It's true. The Sintef Group, a research company based in Trondheim, Norway, announced that it's designing a robot based on -- well, snakes.
The 1.5-meter long robots, which are made of aluminum, are being designed to inspect and clean complicated industrial pipe systems that are typically narrow and inaccessible to humans. The intelligent robots have multiple joints to enable them to twist vertically and climb up through pipe systems to locate leaks in water systems, inspect oil and gas pipelines and clean ventilation systems.
"Combined with our algorithms, the robot will be able to navigate and move forward on its own," said Jens Thielemann, a project manager at Sintef, in a statement. "The robot knows when a left or right turn is approaching and also contains a built-in path description detailing what tasks it should carry out in different situations."
Sintef noted in a report that the company is working on a prototype of a robot with a long, narrow body. With 10 to 11 joints, each with a corresponding set of plastic wheels, the robots are being designed to climb and navigate intersections and be constantly aware of its location in pipes that can be as small as 20 centimeters in diameter.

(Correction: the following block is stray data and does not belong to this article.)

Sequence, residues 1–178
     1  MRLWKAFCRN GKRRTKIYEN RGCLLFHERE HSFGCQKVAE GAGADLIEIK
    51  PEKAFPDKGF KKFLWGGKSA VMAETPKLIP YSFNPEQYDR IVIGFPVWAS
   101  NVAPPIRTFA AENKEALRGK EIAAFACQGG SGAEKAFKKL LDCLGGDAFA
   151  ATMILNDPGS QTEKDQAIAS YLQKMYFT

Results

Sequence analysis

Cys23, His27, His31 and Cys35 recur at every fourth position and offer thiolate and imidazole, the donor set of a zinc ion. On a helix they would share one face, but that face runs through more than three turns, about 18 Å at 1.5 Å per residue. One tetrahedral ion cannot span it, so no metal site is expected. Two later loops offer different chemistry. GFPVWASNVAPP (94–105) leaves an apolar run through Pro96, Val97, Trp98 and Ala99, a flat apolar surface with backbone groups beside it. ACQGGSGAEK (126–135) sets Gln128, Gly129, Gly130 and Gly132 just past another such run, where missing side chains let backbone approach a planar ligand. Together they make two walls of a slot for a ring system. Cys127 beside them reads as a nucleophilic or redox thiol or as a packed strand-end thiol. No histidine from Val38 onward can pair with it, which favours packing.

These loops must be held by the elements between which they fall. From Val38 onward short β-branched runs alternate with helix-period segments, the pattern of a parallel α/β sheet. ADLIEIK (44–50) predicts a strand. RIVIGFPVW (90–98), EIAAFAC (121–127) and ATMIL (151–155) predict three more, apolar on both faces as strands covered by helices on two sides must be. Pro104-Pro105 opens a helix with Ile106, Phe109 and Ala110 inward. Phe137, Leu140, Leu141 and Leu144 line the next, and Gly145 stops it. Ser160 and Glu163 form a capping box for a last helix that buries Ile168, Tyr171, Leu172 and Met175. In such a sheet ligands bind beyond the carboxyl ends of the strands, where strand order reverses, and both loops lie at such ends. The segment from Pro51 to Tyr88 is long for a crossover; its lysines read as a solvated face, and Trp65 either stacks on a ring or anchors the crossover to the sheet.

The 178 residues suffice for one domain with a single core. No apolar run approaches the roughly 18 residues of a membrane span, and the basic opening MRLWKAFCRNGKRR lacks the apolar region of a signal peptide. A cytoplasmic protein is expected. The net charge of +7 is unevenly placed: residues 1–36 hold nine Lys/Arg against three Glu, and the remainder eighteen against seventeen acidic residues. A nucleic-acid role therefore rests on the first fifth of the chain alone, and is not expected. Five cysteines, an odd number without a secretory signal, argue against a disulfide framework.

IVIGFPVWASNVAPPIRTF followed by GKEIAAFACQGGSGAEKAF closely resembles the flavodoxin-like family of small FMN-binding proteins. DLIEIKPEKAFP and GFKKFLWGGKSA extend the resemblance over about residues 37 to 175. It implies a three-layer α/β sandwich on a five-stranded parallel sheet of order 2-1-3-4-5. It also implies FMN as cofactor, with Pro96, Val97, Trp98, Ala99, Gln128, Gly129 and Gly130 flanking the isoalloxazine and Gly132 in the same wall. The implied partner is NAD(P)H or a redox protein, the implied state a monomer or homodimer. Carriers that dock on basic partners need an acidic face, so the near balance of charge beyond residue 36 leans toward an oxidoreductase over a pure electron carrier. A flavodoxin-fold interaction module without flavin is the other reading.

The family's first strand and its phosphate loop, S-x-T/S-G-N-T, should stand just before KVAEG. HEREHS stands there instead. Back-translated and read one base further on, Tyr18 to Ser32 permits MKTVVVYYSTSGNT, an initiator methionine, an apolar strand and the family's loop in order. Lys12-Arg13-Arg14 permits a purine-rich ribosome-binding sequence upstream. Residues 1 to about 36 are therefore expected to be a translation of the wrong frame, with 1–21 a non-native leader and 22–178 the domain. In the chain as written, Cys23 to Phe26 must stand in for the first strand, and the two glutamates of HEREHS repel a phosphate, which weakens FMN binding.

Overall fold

The robot is designed to have a camera attached and move around the pipe following a pre-programmed map. Thielemann noted in the report that they are working on using the vision system to help the robot navigate itself through the maze of pipes.
"The robot will function as a train when operating horizontally," he added. "Such robots already exist, but we want to develop a robot that can climb too."
When the robot enters a vertical pipe, Sintef reports that it lifts its head and meets the pipe wall. It then can move sideways with its abdomen against the pipe and twist itself upwards. It also has the option of being able to attach itself to the pipe wall and then roll upward.
The company hopes to have a working prototype ready for testing by the end of the year.
This story, "Scandinavian scientists designing robotic snakes" was originally published by Computerworld.